By Cheri Sicard
Do you know the signs of heat stroke? The folks from Medical Centric have produced a video that just might save someone’s life. More than 600 people die of heat stroke each year in the United States.
Familiarize yourself with the signs of heat stroke and know what to do if you or someone you know is experiencing them. Heat stroke is a medical emergency and can be fatal if not treated. The longer treatment is delayed, the greater the chance of serious complications.
Heat stroke is an illness marked by an elevation in body temperature. It’s usually caused by prolonged exposure to high temperatures. Heat stroke results in a body temperature of 104 F (that’s 40 C). Untreated heat stroke can cause damage to bodily organs including the
- Digestive tract
- Circulatory system
There are two types of heat stroke: exertional and non-exertional. The former is caused by physical activity in high temperatures; the latter happens when people are not able to adapt to rising temperatures.
Causes of heat stroke
- Exposure to a hot environment
- Strenuous work or physical activity in a hot environment
- Alcohol consumption
- Wearing excess clothing
While anyone can experience heat stroke, these factors can increase your risk factor:
- Age: Children under 4 and adults over 65 are especially at risk
- Lack of air conditioning
- Sudden exposure to hot temperatures
- Certain medications that can affect the body’s ability to stay hydrated, such as high blood pressure medications, beta-blockers, diuretics, some anti-depressants, and cocaine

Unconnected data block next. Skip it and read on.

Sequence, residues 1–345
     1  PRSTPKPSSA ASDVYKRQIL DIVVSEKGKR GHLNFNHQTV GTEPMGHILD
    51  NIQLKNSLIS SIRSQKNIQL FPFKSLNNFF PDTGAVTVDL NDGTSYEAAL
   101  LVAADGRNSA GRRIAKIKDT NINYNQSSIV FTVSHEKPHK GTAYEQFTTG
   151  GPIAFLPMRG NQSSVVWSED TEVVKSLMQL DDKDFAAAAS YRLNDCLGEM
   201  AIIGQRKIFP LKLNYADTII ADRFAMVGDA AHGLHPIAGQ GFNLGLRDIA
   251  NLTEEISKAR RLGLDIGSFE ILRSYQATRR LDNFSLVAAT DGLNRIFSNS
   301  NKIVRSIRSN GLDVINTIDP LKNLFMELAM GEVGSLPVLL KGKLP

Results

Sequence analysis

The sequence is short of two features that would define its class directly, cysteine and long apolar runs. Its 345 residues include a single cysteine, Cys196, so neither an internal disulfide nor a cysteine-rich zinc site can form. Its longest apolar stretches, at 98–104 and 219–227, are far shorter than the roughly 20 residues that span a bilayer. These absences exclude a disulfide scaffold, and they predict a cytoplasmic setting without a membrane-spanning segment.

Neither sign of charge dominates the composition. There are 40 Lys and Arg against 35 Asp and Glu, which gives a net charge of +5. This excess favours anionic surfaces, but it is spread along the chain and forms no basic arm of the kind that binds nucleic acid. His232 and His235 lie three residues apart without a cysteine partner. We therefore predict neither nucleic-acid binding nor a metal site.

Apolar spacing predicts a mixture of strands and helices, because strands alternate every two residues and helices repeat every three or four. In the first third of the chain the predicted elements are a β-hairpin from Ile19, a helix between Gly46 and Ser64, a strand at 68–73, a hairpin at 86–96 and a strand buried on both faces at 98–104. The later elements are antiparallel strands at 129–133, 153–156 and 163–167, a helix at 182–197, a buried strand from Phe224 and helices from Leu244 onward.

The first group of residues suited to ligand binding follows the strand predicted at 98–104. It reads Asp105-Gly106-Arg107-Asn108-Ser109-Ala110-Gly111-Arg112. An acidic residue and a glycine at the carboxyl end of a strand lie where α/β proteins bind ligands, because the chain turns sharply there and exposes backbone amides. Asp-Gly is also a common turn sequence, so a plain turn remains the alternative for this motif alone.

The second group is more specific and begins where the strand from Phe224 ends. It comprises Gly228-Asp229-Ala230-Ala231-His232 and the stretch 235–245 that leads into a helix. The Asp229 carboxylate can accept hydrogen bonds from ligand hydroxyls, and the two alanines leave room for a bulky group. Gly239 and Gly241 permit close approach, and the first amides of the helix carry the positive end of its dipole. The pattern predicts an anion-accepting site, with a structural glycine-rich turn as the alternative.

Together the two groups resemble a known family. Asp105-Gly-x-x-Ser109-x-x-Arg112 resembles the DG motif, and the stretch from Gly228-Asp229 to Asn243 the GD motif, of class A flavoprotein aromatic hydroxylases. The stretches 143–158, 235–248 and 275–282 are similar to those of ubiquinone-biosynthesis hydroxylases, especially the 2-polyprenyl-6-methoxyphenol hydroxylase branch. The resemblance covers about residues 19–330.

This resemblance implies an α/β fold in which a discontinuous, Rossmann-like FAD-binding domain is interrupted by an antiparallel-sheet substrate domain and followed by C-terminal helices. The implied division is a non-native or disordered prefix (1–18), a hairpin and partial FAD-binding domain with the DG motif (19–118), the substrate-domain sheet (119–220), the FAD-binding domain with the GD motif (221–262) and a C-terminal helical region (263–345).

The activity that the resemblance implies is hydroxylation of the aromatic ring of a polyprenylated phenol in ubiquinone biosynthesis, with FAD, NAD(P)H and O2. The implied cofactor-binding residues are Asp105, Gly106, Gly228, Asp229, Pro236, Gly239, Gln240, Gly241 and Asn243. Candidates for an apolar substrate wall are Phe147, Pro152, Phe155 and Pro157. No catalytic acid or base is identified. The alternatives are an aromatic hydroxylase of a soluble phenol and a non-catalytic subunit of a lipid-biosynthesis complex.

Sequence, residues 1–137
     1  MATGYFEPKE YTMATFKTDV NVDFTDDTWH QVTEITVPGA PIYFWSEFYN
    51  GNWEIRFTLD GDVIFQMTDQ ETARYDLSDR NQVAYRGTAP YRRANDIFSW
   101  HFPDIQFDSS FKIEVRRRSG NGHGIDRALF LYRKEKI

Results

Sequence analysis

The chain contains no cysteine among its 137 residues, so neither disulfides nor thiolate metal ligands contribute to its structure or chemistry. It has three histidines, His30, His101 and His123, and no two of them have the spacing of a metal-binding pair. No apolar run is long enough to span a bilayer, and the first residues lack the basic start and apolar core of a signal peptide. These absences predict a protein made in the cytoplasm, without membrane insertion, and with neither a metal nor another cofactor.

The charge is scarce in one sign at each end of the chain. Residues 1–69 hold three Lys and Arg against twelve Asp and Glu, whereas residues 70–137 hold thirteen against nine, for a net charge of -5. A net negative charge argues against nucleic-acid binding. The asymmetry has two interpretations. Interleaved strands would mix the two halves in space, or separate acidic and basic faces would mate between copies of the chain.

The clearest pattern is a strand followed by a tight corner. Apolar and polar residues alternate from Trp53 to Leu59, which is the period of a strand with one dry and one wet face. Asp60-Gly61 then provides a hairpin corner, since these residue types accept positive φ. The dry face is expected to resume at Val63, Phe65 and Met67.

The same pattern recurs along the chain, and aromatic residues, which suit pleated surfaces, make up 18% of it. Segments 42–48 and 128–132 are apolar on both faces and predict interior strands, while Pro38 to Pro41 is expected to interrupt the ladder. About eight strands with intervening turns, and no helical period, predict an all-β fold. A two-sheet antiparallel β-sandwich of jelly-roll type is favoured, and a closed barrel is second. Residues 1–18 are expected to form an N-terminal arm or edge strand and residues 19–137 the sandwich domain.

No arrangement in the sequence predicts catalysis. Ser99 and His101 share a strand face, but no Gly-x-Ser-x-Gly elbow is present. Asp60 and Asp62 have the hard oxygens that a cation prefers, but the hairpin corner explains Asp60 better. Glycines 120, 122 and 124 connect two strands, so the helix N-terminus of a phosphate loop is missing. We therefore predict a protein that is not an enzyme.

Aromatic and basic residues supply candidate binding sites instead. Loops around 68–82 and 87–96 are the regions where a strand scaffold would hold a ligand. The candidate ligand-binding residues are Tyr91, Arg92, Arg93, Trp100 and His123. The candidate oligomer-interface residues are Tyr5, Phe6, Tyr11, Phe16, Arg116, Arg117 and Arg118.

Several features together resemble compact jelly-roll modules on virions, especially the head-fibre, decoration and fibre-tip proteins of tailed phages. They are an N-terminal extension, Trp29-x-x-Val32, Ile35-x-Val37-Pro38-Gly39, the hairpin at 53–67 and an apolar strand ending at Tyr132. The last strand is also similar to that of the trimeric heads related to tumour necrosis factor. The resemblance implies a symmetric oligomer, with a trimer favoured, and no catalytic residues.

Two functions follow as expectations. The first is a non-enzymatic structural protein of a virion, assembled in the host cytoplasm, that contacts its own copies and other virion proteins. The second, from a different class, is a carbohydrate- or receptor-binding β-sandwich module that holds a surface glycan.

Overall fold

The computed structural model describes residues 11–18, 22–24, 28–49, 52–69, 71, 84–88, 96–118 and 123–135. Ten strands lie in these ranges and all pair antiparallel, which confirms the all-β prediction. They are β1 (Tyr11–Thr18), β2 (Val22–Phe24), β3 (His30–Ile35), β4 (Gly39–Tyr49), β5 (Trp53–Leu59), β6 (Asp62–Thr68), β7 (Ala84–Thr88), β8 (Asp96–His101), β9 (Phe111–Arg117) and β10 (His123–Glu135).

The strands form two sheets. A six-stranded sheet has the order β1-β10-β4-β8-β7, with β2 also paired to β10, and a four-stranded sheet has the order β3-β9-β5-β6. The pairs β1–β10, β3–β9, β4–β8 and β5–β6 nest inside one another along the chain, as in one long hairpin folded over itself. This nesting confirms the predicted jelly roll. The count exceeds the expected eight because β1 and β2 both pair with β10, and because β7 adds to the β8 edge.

- Certain health conditions such as obesity, heart disease, lung disease, or a previous history of heat stroke.
Signs of heat stroke in humans
- A body temperature of 104 F (40 C) or higher
- Hot, dry skin
- Red skin that gets redder with increased temperature
- Slurred speech
- Rapid breathing
- Excessive sweating
- Increased heart rate
- Loss of consciousness
If you see someone with these symptoms it is important to treat them for heat stroke and also get them to a doctor, who will test for sodium and potassium levels and also make sure there is no damage to the central nervous system. A doctor will also likely perform a urine test to check for kidney damage, and a muscle function test.
Medical treatment for heat stroke
Treatment involves cooling the body to normal temperatures. A doctor may immerse you in cold water, wrap you in a special cooling blanket, or even pack you in ice. The doctor may give you medication to stop shivering.
Home treatments for heat stroke
If you can’t get to a doctor right away, here’s what to do in the meantime:
- Drink lots of fluids to rehydrate
- Take a cool shower or bath
- Cool off with a fan or a damp sheet
- Go to an air-conditioned or shady place
Last but most importantly, the video stresses that home remedies are not enough. Even when administering home remedies you should still seek medical help if you suspect heat stroke.